Homeland Christmas, in July 

What did you want for Christmas when you were eight? Maybe some Legos, maybe Lincoln Logs? How about a shiny, new, red fire truck? Celebrating Christmas in July, a dozen small Montana cities and towns will ring in the Fourth with new trucks or new equipment, courtesy of the Department of Homeland Security via the Federal Emergency Management Agency (FEMA).

A few weeks ago, the department began distributing grants through FEMA to communities across the Big Sky: $31,500 for a fire fighting vehicle to the Hogeland Fire Department, $6,633 for fire operations and firefighter safety to the Martin City Rural Fire Department and $29,100 to the Clyde Park Volunteer Fire Department for safety equipment. The grants are among 219 across the country, a number that’s ultimately expected to grow to around 7,000—$750 million in direct assistance to firefighters allocated by 2003’s federal Assistance to Firefighter Grant program.

Conventional wisdom would lead one to believe that Clyde Park isn’t a hotbed of Hamas cells, but the department has its reasons for distributing security dollars to small, rural towns.

“We’re taking care of first responders throughout the country, and we’re helping them take care of their hometowns, which then correlates to homeland security,” says FEMA Region Eight Director David Maurstad. “We have to remember that homeland security goes beyond terrorism. Secretary [Tom] Ridge has talked many times about an ‘all hazards’ approach, and preparing for and responding to both man-made attacks and nature.”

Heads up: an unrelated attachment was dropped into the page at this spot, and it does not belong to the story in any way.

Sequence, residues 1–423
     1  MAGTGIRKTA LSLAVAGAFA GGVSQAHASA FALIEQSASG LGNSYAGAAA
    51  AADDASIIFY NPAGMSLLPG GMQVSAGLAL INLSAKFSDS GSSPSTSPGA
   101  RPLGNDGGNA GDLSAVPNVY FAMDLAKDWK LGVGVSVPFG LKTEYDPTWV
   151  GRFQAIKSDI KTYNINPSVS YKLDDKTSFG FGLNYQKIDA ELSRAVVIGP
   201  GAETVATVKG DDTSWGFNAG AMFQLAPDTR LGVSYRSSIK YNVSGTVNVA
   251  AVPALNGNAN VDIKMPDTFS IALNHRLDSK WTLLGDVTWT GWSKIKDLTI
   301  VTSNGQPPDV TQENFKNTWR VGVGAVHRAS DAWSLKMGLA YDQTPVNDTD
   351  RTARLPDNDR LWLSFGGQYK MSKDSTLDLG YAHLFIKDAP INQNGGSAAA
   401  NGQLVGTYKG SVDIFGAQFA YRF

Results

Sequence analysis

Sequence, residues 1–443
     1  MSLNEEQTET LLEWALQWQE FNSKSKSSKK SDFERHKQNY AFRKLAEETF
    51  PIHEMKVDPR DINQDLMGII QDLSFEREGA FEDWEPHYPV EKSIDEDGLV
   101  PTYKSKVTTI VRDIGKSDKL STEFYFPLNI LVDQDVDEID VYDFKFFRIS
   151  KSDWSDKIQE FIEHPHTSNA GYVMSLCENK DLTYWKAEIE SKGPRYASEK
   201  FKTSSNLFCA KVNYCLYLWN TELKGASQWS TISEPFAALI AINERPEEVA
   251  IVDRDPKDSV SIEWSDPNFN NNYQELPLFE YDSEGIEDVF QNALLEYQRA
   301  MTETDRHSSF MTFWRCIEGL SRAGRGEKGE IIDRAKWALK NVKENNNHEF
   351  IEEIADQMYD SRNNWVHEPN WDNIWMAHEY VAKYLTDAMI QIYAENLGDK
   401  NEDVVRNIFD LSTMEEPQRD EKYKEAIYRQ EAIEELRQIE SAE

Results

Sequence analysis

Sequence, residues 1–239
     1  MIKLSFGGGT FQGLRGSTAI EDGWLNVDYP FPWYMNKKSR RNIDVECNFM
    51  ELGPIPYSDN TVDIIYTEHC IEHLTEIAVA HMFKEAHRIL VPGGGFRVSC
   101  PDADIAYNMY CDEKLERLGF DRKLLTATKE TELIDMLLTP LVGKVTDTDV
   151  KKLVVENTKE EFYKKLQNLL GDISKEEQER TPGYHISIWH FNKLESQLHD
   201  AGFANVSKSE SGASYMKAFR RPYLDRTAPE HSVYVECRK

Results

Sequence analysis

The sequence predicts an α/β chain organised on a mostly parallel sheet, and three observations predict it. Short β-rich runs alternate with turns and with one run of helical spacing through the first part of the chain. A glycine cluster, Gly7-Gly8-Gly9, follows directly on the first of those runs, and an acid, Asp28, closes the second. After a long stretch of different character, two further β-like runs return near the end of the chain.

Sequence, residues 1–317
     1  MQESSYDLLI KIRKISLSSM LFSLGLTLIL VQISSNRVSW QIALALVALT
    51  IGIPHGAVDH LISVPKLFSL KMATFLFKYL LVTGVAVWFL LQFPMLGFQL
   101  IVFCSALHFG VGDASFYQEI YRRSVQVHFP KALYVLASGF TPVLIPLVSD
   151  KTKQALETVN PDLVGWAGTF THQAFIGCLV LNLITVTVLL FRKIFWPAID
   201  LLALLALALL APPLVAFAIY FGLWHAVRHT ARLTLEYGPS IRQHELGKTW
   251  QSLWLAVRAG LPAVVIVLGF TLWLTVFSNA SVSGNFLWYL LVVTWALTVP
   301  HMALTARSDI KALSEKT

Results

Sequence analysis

Maurstad believes that part of being a nation prepared for the worst is being able to fight wildfires and fires in cities—even cities like Montana’s tiny Martin City. He also wants people to remember that keeping the homeland secure goes beyond attacks from foreign terrorists.

“In our neck of the woods, so to speak, domestic terrorism is just as big a threat as foreign terrorism.”

Clyde Park Volunteer Fire Department Chief Don Oberquell doesn’t care why or how the money gets to his department. He’s just glad the federal government is finally catching up to his longstanding needs.

“We’re just an itty-bitty town, so we don’t get much money,” says Oberquell. “So, yeah, we were really excited to get this money.”

Clyde Park won’t be getting a new truck, but it will be getting new safety equipment like fire-retardant jackets and helmets, and new hoses for their old truck. Oberquell says that the department has some equipment that’s almost forty years old. Before the feds stepped in to help out, Oberquell’s department had resorted to mill levies and charity to find the funds to keep going.

Oberquell knows that his little crew isn’t going to do much to combat Al Qaeda, but he still thinks the money is being put to good use.

“I think the government is primarily back-filling a safety need,” he says. “Five years ago, when we had fires here, the only thing we could have done was stay back from it and squirt what water we could have on it…the department was at risk.”

Now, the chief says, citizens and firefighters both are safer. And if Al Qaeda ever strikes in rural Montana, rural Montana will be ready.

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